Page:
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Unusual kind of thankful: Behind bars, mom’s OK

Katie Hyde has an unusual reason to be thankful this season.

“My mom’s in jail,” she said.

And while some would lament any time spent away from family, or that fact that a family member was in trouble, Hyde said she knows that because her mother is incarcerated, she is safe.

Katie’s story begins seven years ago, in November of 2010. She was 16.

“On Nov. 19 of 2010, my mom found my dad dead,” she said. “He would have been 37 later that month. They had been together almost 20 years at the time he passed.

Katie’s mom, Stephanie, found solace by escaping reality.

“She started using crack cocaine,” Katie said. “Then, on Sept. 27, 2011, my grandfather, her father, died. It has been downhill ever since.”

Katie said her mom began using all the money she could to feed her habit, and writing bad checks to feed her kids.

“In 2012, she got in trouble for forgery, drug paraphernalia, and possession of a controlled substance,” she said.

The judge threatened to send her to jail, but sent her to rehab, instead.

“She stayed a year and four or five months in Birmingham,” Katie recalled. Her mother also got a job and was doing well.

But when she came home, she soon fell in with the same crowd.

“It was like we started the whole process over again,” she said. “She got arrested. She got behind on fines.”

In one instance, she got picked up for stealing Goody’s powders valued at $2.79.

“That turned in to $600 in fines and $3 in restitution,” she said.

Katie said her mom went from being obese – about 250 pounds – to being bone thin.

“She was taking advantage of a lot of people who wanted to do nothing but help her,” she said. “She moved from crack to meth, and she would cover up and lie about it.”

In September, she was picked up on another drug charge, but made bond. In October, she was charged with burglary, theft of property, possession of a controlled substance and possession of drug paraphernalia.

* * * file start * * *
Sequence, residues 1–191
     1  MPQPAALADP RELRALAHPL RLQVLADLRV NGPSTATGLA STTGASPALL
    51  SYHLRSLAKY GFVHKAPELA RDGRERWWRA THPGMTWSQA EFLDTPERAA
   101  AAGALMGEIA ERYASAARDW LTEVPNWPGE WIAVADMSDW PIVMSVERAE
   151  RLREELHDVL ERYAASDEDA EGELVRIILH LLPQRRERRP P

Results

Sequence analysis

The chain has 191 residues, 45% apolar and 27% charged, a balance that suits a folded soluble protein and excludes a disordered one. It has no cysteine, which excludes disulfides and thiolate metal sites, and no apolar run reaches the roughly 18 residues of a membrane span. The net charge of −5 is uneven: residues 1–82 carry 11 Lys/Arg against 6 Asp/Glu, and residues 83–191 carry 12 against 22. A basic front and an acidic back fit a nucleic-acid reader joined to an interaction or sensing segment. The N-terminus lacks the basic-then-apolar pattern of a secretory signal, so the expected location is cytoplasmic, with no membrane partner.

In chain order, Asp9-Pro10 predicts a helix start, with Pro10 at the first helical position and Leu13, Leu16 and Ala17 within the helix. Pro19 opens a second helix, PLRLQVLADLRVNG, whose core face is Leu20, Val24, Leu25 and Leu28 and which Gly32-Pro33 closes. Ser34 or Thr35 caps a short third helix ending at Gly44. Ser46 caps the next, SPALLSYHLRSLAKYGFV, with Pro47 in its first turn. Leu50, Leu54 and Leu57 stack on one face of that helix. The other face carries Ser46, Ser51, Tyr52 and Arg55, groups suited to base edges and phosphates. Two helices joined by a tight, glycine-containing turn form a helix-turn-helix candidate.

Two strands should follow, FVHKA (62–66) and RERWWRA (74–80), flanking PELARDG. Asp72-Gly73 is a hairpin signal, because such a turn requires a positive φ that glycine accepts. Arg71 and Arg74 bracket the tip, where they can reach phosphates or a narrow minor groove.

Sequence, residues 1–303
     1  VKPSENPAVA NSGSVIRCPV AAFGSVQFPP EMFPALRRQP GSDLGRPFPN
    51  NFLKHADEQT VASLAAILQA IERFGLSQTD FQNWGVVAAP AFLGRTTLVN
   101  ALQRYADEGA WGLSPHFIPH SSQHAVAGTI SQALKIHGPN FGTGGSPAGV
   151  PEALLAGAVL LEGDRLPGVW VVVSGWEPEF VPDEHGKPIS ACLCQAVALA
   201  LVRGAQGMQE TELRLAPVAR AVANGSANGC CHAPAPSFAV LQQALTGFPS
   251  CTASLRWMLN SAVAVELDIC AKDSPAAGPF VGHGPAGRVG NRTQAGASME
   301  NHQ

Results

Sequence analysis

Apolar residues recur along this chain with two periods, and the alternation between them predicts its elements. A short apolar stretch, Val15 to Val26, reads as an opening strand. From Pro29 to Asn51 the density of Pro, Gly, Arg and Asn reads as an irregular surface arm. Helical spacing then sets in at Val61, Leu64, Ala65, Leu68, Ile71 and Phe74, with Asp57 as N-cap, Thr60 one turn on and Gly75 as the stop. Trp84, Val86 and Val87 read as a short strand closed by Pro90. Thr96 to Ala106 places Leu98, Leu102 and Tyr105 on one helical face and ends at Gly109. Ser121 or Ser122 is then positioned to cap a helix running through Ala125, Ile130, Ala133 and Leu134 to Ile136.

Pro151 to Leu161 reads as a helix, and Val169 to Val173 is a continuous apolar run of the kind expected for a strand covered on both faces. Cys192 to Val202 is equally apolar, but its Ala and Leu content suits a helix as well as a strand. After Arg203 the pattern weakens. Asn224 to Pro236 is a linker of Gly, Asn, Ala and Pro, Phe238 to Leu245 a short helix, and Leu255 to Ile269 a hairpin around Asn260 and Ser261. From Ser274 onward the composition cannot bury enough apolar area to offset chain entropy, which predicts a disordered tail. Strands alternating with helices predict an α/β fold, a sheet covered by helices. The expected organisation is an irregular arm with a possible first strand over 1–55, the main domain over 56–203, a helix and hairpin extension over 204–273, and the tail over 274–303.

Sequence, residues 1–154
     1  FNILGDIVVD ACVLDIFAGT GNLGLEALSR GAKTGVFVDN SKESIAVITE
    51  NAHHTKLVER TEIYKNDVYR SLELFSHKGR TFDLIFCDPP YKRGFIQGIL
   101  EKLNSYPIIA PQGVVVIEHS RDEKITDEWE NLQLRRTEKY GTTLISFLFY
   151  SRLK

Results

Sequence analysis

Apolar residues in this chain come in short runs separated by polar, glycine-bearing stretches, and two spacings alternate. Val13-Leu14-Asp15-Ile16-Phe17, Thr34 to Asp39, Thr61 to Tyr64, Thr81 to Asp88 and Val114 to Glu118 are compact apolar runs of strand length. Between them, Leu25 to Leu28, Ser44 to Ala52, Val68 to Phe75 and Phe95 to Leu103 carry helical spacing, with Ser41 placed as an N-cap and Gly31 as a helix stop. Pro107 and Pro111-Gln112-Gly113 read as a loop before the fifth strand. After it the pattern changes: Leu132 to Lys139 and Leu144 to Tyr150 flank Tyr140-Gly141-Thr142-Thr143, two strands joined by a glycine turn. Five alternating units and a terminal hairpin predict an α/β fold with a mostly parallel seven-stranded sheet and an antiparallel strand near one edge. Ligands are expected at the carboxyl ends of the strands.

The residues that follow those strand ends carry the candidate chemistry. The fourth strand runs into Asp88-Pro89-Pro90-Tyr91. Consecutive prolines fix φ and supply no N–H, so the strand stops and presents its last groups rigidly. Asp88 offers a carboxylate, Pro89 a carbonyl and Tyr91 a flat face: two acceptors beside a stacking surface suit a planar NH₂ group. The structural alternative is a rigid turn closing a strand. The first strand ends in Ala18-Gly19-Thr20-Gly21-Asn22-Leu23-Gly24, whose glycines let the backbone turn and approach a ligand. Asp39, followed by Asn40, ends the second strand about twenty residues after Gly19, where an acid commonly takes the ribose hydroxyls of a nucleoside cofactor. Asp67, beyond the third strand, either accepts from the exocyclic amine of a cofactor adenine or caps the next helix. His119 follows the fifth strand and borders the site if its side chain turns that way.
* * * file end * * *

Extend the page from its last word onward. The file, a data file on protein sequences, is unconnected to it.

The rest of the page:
“She went to court recently, and was sentenced to nine months in prison, so she’ll have to go to Tutwiler. Then she has to do six months of rehab and five years of probation.”

Katie said she knows her mom will be healthier inside than on the outside.

“She was using uppers, and then using downers when she didn’t want to be up anymore. Any time the phone rang late at night, I was scared.”

Katie’s grandfather adopted her, so she has access to his veterans’ benefits. Now 23 and the mother of a toddler, she works full time and is a Troy student. Katie is pursuing a criminal justice major and human services minor, and hopes one day she can help families like hers.

“People look at me weird and say, ‘Are you OK,’ ” she said. “I honestly feel like I don’t want her in jail, but I’m thankful she’s there.”

Katie said she knows her mom is a good person. She’s seen her take in homeless people, and give people who needed it money.

“She just made a stupid decision, and she made it over and over,” Katie said.

“I go every Sunday to see her,” she said. “How she is now reminds me of how she was before she started doing drugs.

“She’s been in jail for almost two months and is thinking very clearly,” she said. “She’s finally understanding what she’s been doing for all these years. I am thankful for the Opp Police, the courts, and Covington County Jail. Without them, my mom would have never gotten the help she needs and very well could have ended up dead on the path she was on.”